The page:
Large corporations like Oracle find it difficult to foster and embrace innovation. The layers of management mean that innovative ideas never bubble to the top of an organization. Instead, they are burst by risk adverse management or management that is focused on achieving the goals laid down by their superiors. Large organizations are littered with stories of employees whose prototypes were years ahead of the competition but never made it out of the labs.
“According to Eichenwald, Microsoft had a prototype e-reader ready to go in 1998, but when the technology group presented it to Bill Gates he promptly gave it a thumbs-down, saying it wasn’t right for Microsoft. ‘He didn’t like the user interface, because it didn’t look like Windows,’ a programmer involved in the project recalls.” Read more…
The other key reason why large enterprise organizations fail to innovate is that they simply have more to lose. Their earnings are under continual scrutiny from shareholders and market analysts. It is hard to be innovative and take risks, while growing and maximizing opportunities in the company’s current markets. Oracle’s conservative IT customer base would have also found it to be extremely unsettling if Oracle’s vision and direction five years ago was to radically change the way IT works and propose everyone move to a utility-based cloud model.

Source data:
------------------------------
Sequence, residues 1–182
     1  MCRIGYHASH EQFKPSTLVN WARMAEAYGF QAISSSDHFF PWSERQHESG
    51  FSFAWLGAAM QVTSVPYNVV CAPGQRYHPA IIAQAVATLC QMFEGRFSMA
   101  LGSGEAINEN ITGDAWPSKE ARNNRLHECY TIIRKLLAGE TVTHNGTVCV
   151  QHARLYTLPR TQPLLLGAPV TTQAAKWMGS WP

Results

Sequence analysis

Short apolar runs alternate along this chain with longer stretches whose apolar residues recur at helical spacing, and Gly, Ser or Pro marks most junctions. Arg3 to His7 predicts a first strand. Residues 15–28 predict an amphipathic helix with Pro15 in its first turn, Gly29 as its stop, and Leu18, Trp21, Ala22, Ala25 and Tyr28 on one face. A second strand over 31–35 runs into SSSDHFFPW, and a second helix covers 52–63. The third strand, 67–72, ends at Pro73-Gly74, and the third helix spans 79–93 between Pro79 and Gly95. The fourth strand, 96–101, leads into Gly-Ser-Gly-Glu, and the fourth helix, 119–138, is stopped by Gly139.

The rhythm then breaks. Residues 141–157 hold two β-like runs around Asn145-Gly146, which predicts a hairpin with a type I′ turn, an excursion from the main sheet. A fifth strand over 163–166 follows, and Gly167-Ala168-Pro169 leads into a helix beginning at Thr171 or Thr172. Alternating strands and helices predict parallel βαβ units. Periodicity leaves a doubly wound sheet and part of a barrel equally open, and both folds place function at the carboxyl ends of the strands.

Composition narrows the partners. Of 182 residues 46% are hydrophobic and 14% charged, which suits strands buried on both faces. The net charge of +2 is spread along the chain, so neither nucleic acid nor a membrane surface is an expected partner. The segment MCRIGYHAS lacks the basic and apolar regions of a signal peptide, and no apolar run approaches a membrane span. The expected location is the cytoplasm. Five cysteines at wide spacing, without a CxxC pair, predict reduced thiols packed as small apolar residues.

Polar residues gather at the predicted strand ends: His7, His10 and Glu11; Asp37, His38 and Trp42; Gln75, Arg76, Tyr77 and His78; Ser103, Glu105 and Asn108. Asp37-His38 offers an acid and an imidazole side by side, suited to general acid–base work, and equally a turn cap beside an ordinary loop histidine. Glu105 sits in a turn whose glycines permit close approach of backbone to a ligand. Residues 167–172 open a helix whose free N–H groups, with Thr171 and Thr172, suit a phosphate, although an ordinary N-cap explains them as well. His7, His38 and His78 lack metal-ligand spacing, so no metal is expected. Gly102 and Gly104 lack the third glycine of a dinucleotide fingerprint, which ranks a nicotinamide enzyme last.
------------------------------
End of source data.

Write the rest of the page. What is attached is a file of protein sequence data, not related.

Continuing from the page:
Oracle’s vision to their customers is a one-stop cloud provider, where Oracle provides both the platform to develop and run applications as well as the applications themselves. All of us in IT have experienced the finger pointing that occurs between vendors when problems occur. Oracle’s vision has tremendous appeal to IT shops that want to deal with one vendor when problems occur. It is also highly appealing that enterprises can develop an application that will work both in the cloud and on premise. To quote Larry Ellison:
“You can move things gracefully backwards and forwards… You can run it on your computers or in our cloud.”
While I can see the appeal of Ellison’s message, there are a few missing elements with Oracle’s vision.
First, it does not embrace the concepts of cloud computing in terms of creating a utility-based model where resources are shared, and where applications and services can be quickly turned on. It therefore begs the question, will the IT show actually attain any of the benefits that cloud computing offers?